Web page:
the effects of fossil fuels

The Effects of Fossil Fuels on Human Health

Jane Marsh - September 23, 2021

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In 2020, the solar industry achieved record-high sale rates. As individuals recognize the ecological impacts of fossil fuels, they convert their energy reliance away from them towards renewable power. Media sources highlight the climate effects associated with “dirty” energy and leave human health impacts on the back burner.

The emissions generated by fossil fuels, directly and indirectly, affect society’s health and wellbeing. President Biden evaluated the increased risks and developed a national carbon-neutrality goal. He also allocated trillions of dollars to the clean energy sector, minimizing atmospheric pollution.

The Enhanced Greenhouse Effect

During combustion, fossil fuels release greenhouse gas emissions. The pollutants produce adverse ecological and human health effects. They alter Earth’s organic temperature control process, degrading the atmosphere’s composition.

Naturally, Earth absorbs solar radiation, generates heat, warms the surface, reobtains excess energy and emits it to space. The practice creates life-sufficient temperatures on the surface, supporting the global ecosystem. When air pollutants invade the atmosphere, they alter the process.

Greenhouse gas emissions attain a high sunlight-to-heat exchange rate. Additionally, they hold excess energy in the environment rather than sending it to space. The entrapment and overproduction of warmth increase Earth’s temperature over time.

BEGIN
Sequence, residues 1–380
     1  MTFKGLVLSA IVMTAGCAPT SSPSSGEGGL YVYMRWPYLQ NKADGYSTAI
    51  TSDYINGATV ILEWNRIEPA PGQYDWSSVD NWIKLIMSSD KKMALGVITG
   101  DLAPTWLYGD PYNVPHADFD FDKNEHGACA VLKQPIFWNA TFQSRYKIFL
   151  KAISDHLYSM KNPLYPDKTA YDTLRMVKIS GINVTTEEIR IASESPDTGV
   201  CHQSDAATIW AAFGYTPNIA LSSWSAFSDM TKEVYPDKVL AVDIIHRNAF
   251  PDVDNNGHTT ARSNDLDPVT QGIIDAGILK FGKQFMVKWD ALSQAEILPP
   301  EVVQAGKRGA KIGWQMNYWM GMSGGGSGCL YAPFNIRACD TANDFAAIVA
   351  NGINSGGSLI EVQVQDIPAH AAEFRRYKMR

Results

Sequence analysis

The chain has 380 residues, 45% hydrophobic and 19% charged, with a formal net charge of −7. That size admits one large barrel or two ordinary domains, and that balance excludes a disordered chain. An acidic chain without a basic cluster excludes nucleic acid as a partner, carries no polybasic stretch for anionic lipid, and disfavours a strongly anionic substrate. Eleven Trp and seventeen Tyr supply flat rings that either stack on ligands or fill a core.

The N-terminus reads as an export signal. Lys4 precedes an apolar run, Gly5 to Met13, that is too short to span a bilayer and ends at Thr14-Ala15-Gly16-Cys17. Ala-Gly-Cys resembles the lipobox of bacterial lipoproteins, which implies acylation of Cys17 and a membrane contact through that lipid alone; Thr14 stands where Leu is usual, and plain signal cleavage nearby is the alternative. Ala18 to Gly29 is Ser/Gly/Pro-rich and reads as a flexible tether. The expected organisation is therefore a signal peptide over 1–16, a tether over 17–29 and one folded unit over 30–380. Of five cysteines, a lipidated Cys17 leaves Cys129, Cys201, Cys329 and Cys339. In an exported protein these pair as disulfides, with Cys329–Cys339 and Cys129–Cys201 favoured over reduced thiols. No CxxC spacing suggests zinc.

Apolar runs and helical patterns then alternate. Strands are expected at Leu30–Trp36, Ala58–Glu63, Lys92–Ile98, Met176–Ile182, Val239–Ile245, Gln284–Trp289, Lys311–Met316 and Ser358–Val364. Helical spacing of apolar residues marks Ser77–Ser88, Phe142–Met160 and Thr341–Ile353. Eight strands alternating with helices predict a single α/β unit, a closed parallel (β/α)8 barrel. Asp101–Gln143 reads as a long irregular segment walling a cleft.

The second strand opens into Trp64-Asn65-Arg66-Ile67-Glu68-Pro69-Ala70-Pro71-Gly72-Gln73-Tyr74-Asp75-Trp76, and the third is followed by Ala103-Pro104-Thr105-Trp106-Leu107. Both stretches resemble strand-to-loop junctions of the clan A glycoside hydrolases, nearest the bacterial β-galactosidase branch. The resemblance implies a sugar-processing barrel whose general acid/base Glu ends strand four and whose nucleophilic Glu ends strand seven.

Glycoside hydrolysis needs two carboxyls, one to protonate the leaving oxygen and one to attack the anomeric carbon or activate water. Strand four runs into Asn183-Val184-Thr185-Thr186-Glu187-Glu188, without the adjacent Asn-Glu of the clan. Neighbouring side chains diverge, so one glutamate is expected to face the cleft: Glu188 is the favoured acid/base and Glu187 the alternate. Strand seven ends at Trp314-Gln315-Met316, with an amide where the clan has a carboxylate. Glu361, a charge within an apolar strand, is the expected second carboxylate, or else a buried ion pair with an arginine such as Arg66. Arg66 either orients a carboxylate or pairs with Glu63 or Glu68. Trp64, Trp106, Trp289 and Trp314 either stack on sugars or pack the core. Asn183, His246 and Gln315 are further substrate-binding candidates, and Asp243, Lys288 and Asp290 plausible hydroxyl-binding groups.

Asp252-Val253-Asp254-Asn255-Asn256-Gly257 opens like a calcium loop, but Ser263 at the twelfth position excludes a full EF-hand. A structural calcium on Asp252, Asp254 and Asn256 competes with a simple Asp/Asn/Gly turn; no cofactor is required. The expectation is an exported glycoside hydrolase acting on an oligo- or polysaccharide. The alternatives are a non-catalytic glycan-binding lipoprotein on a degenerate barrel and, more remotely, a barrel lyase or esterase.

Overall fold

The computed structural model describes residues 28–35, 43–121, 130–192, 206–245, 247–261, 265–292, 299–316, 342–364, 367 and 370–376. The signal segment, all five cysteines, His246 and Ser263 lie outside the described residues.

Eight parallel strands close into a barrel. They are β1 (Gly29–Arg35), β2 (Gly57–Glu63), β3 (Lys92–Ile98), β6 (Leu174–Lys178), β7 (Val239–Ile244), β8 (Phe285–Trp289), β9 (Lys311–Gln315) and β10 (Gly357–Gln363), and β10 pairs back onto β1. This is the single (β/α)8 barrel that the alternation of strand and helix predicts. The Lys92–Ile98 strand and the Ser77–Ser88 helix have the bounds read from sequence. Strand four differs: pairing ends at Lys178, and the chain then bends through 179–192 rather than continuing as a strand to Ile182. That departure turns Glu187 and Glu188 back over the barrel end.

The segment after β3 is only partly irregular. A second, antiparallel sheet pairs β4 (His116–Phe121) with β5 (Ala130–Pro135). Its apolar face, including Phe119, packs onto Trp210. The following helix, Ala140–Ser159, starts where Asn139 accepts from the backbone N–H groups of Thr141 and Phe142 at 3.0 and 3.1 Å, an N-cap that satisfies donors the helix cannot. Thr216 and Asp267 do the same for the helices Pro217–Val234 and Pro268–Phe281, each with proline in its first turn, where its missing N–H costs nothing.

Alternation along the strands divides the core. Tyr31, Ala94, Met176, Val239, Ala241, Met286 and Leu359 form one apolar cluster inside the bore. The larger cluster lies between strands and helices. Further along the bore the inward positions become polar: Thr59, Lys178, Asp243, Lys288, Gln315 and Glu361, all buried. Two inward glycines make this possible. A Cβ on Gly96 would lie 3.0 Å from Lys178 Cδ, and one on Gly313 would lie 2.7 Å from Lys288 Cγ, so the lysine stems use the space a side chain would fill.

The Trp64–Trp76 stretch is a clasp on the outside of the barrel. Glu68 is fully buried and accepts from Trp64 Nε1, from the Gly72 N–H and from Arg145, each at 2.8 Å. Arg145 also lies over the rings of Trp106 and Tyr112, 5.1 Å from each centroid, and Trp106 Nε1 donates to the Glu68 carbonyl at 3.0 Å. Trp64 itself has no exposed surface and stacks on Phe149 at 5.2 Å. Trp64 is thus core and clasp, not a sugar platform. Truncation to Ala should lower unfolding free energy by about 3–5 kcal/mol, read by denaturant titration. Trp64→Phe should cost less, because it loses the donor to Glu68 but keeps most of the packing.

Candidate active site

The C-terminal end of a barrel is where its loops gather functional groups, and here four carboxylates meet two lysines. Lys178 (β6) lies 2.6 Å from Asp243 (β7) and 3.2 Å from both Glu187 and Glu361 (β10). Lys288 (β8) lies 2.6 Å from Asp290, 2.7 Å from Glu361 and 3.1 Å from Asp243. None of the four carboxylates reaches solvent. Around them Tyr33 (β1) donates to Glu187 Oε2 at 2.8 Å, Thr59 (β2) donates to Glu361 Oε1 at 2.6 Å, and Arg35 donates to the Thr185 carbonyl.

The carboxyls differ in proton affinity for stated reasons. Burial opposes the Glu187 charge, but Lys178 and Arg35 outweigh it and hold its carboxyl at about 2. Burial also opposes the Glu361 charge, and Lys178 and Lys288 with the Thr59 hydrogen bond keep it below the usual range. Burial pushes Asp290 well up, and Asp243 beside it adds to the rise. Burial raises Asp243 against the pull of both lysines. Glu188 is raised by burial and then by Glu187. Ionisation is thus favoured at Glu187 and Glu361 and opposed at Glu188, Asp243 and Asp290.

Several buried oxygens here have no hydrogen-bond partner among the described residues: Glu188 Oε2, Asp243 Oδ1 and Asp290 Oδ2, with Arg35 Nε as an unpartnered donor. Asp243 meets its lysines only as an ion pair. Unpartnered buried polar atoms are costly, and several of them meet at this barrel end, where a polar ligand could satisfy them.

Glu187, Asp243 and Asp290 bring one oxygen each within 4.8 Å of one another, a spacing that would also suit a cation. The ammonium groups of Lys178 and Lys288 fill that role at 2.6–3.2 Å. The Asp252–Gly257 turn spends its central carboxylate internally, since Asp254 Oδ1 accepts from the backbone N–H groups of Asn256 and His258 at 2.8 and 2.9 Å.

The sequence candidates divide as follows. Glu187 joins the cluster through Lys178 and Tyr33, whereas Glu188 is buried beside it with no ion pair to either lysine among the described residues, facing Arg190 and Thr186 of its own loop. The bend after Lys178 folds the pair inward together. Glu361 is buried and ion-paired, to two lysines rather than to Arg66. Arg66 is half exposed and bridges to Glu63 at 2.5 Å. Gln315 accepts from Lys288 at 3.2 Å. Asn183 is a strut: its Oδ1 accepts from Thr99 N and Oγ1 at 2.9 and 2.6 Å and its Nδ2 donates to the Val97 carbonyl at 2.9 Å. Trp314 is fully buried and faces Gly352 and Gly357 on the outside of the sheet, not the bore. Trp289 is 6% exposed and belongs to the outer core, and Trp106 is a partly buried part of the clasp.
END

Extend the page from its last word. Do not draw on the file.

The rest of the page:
The enhanced greenhouse effect decreases local air quality, degrading lung health. It also enhances water displacement and agricultural development challenges. The impacts create adverse effects on society.

Lung Health

Smog and soot, deriving from greenhouse gas emissions, can enter an individual’s airways and cause physical distress. Pollutants may cause coughing, wheezing, chest pains and shortness of breath. That can also increase the frequency of asthma attacks in asthmatic individuals.

The inhalation of emissions also increases one’s risk for lung cancer, strokes and heart attacks. Some individuals are at a higher risk for breathing complications, like babies, young children and the elderly. People with outdoor professions may also have a greater chance of developing lung conditions.

As the climate changes, the allergy season becomes longer. Pollen produces in warm weather conditions. With frequent mild winters and longer summers, individuals may come in contact with a higher quantity of allergens.

Each year, the pollen count increases. Researchers predict the 2040 production rate will double that of 2000. The allergy season is now 20 days longer than it was in 1990.

The increased pollen count raises the rate of hay fever in children, causes adverse breathing effects. It also increases the risk of asthma attacks. Researchers also predict the planet may develop new allergens as the climate continuously changes.